Message posted at IndianCivilization (Yahoo egroups):
I went through the above article. The article seems to be transcript of Prof. Lynn Jorde’s oral presentation. The slides are missing so little can be said about it. (Lynn Jorde is Professor of Human Genetics at the University of Utah. He has been involved in a collaborative effort between geneticists, physical anthropologists, and indigenous populations in India.)
It is my conclusion that the data presented by Prof. Jorde fits the OIT better than the AIT/AMT. Here is my analysis of the article.
Early in the article Prof. Jorde presents the picture that he wants to research (in Prof. Jorde’s words):
“So here are some of the research questions that we’ve been addressing in our studies in south India. First of all, is there significant between-population genetic variation, and we’ve been looking thus far primarily at caste variation, and what is the pattern of between-caste genetic distances? What are the likely origins of south Indian castes and tribal populations? And finally, is there evidence of a sex-biased gene flow between castes? And this is essentially the system that we were testing with mitochondrial and Y-chromosome genetic markers, and I’ll talk a little bit more about that as we go along.”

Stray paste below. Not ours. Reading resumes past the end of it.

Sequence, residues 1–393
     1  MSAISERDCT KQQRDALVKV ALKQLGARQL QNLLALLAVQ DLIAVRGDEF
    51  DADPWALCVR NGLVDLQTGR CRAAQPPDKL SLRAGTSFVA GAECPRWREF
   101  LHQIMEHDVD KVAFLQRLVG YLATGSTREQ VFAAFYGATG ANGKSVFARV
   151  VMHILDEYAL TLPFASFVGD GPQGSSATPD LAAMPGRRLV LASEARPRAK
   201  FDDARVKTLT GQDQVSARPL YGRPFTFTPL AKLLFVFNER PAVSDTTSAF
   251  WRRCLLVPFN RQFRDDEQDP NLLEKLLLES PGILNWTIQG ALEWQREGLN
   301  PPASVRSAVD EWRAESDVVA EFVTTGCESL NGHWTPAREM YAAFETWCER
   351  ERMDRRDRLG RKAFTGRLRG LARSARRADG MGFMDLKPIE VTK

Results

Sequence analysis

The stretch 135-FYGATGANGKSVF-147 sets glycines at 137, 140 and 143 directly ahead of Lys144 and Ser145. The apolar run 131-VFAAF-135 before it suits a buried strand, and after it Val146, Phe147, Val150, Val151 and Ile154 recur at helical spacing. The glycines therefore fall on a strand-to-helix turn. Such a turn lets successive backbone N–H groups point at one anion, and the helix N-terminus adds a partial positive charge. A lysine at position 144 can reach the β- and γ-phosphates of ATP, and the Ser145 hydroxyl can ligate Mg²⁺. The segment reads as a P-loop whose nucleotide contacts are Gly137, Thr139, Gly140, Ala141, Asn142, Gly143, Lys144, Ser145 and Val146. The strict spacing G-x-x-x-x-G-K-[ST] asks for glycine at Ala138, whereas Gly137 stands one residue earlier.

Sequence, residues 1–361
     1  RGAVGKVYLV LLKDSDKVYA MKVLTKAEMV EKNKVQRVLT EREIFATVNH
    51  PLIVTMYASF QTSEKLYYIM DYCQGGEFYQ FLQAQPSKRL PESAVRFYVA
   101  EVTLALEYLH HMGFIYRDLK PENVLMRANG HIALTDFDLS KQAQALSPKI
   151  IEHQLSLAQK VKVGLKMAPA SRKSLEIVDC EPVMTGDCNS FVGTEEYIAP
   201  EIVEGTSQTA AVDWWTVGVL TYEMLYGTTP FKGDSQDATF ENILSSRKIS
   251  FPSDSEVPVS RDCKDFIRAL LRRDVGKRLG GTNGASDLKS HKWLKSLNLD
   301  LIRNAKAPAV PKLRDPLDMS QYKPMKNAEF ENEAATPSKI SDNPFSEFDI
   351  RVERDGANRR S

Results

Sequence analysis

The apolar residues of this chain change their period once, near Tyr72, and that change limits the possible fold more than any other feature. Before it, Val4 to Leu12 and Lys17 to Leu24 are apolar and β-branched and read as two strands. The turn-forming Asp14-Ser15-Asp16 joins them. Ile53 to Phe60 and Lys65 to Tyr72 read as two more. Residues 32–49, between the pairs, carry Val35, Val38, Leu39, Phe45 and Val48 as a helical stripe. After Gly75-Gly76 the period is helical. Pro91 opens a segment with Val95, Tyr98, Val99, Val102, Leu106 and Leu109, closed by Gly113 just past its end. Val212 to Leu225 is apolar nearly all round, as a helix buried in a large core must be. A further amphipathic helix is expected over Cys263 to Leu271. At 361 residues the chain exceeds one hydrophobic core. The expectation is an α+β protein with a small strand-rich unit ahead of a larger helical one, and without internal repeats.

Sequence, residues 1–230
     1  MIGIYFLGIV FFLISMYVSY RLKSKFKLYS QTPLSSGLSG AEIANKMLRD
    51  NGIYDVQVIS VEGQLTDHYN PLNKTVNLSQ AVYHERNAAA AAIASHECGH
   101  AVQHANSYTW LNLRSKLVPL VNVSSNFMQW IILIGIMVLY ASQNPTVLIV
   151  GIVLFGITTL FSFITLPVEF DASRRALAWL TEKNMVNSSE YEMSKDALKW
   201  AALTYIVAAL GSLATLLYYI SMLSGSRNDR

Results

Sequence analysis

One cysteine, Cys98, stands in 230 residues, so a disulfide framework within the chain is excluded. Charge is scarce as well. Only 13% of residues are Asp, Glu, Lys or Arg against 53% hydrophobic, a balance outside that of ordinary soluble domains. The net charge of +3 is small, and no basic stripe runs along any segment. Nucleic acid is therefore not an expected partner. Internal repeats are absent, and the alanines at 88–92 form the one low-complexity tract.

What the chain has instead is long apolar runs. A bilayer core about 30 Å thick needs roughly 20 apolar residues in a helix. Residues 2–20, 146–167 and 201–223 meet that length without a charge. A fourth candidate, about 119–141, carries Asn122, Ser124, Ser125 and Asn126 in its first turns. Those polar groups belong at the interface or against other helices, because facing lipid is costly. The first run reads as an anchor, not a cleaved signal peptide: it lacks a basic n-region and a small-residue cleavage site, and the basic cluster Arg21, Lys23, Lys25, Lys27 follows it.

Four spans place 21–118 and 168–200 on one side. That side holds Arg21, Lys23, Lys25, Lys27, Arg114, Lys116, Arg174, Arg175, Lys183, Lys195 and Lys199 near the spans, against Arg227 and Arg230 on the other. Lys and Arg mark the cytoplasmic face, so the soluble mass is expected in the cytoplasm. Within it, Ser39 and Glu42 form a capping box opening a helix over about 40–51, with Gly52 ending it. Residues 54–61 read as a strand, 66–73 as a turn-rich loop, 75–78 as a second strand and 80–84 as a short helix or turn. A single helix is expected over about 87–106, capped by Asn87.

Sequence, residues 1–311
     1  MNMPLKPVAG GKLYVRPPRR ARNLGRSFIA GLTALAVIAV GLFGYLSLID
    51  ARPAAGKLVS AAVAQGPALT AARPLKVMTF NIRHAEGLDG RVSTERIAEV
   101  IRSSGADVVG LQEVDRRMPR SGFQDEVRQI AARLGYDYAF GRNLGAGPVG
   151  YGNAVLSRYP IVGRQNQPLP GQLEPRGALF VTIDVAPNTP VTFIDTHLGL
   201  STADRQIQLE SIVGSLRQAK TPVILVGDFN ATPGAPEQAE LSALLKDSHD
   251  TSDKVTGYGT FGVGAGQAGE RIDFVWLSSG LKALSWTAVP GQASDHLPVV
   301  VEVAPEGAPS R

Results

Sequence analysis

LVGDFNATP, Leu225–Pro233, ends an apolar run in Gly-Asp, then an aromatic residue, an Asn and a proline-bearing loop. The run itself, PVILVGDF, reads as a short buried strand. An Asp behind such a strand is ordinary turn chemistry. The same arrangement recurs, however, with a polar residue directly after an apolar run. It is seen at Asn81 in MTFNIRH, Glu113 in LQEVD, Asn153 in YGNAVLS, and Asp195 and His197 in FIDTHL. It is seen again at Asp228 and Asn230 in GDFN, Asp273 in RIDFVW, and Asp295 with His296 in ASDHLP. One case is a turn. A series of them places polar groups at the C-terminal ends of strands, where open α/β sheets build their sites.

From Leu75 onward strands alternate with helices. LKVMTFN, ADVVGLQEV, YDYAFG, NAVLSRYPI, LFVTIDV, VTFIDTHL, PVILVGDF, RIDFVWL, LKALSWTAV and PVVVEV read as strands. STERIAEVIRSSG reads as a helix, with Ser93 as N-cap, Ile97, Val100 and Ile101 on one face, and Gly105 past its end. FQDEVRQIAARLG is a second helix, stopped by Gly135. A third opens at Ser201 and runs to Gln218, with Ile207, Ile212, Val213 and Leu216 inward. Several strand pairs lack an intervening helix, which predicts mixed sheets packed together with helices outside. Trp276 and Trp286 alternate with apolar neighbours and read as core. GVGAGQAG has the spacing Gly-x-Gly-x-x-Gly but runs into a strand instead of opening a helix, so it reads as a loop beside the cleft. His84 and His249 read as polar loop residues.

Later he builds his premise to test out the data he collected.
“Now, we can summarize — and this is a very, very oversimplified summary of major historical events in India, but it gives us at least a framework from which to proceed — Paleolithic settlement of probable African origins, migrations of proto-Dravidian speakers from the Fertile Crescent area about nine or ten thousand years ago. And then most recently, a third major event, migrations of Indo-European-speaking, so-called Aryans from West Asia, about 3500 years ago, and it was these individuals who established, who are thought to have established, the caste system. And I’ll be referring to these waves of migration as we go through the talk.”
It is clear that the premise of Prof. Jorde’s research is based on the AIT/AMT.
So, strictly speaking, this presentation cannot be taken as a proof of migration. This presentation can be limited to what Prof. Jorde set out to prove namely: Genetic variation and caste. However, lets see how it all goes.
Prof. Jorde first shows that genetic variations across the caste exists. A loose summary goes like this: The transmission of mitochondrial DNA across generations is associated with the female of the species while Y chromosomal DNA is associated with the male. It is observed that females had greater mobility across the castes as opposed to males. The more homogenous nature of the mitochondrial DNA across the castes shows this, while a 6-7 times higher variation in Y-chromosomal DNA in males of the population shows their lower mobility across the castes.